Even consumers who follow the news closely can’t be aware of every product recall that impacts them and their family. People often assume that when companies or the government recall products due to safety issues, they are immediately removed from shelves and online inventories. While that’s the way things should ideally work, it doesn’t always happen.
The U.S. Consumer Product Safety Commission (CPSC) recently announced that three leading retailers owned by TJX Companies (T.J. Maxx, HomeGoods and Marshalls) continued to sell 19 separate products after they were recalled during the past five years. Some of the recalls were for serious safety issues, including flammability.
Most recently, the retailers continued to sell several models of inclined infant sleepers that have been linked to multiple deaths. Earlier this year, the CPSC warned that babies should not be placed in any sleeper that is at more than a 10-degree angle. Most inclined sleepers have had a 30-degree angle. The company also continued to sell a number of rocking sleepers that were recalled because babies were able to roll over onto their stomachs.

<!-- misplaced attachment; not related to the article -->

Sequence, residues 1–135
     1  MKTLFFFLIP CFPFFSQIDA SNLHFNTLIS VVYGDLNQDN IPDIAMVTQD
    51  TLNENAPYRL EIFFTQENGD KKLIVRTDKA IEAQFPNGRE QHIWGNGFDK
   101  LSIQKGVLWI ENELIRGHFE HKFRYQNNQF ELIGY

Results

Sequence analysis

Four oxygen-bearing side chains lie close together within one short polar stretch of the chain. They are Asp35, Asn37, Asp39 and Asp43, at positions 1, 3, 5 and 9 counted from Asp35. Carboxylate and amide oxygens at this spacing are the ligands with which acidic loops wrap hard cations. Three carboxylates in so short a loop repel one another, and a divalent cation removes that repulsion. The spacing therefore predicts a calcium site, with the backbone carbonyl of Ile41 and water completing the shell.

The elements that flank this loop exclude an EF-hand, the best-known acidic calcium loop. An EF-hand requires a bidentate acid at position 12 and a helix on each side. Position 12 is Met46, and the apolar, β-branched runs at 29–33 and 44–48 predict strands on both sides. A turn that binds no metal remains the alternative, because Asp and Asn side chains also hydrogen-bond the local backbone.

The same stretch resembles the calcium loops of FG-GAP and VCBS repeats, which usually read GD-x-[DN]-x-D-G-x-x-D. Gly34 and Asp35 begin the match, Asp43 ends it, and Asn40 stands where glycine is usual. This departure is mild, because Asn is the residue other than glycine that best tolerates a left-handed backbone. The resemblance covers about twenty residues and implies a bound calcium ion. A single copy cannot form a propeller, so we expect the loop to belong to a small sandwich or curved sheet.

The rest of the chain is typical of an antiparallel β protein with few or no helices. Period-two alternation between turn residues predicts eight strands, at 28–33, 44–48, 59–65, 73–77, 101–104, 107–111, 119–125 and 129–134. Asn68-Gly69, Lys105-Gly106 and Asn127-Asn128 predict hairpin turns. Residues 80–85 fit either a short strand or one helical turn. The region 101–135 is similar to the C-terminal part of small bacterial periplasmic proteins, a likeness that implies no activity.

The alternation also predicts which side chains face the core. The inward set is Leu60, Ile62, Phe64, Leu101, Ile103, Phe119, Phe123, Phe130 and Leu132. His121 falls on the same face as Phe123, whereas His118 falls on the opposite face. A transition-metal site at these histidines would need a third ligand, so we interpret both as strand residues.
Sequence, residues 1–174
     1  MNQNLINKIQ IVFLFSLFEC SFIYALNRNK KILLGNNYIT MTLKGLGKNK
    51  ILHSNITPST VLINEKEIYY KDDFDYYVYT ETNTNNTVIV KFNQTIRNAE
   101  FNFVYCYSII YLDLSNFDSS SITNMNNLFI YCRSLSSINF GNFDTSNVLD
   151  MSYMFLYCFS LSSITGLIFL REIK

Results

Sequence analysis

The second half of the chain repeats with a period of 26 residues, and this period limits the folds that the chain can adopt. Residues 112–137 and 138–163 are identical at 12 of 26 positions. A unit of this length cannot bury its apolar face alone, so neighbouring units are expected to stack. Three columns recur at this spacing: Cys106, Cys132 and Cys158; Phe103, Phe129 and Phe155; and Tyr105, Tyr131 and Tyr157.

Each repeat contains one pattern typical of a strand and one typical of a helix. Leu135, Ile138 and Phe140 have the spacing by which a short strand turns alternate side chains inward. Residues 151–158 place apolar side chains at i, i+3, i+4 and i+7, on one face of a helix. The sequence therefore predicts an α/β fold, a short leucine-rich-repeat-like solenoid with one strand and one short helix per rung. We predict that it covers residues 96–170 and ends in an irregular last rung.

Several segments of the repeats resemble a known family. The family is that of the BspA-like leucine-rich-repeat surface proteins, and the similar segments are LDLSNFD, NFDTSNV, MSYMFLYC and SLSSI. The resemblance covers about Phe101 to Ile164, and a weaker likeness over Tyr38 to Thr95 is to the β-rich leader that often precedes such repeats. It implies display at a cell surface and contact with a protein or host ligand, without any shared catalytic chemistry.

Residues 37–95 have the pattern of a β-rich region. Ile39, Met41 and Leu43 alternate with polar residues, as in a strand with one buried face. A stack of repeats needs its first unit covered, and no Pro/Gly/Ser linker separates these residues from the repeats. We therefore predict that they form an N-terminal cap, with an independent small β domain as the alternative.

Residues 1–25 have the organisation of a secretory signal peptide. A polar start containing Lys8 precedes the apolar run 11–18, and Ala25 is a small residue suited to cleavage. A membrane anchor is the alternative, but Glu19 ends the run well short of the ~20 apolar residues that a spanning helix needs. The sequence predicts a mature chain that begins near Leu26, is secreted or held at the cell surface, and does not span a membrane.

Among the other recalled products that the TJX retailers continued to sell in recent years include:
- Swagway battery-powered, self-balancing scooters/hoverboards that could overheat and burst into flames
- ION Audio portable speakers that can explode if gas leaks from them
- Ivanka Trump brand women’s scarves that don’t meet federal standards for flammability
- Three brands of chairs that can either break or tip over
- Several items that can break and cause injuries during normal use, including knives
- Two items designed for children that contain choking hazards
An official with TJX Companies responded to the report in a statement that said, “At TJX, product safety is very important to us. We deeply regret that in some instances, recalled products were not properly removed from our sales floors despite the recall processes that we had in place. We are taking appropriate steps to strengthen these processes moving forward. We apologize to our customers and encourage anyone who believes they may have one of these products to participate in the recall.”
When someone is injured or worse by a defective product, it may be appropriate to hold retailers and others in the distribution chain liable in addition to the manufacturer. An experienced attorney can provide guidance on how best to proceed.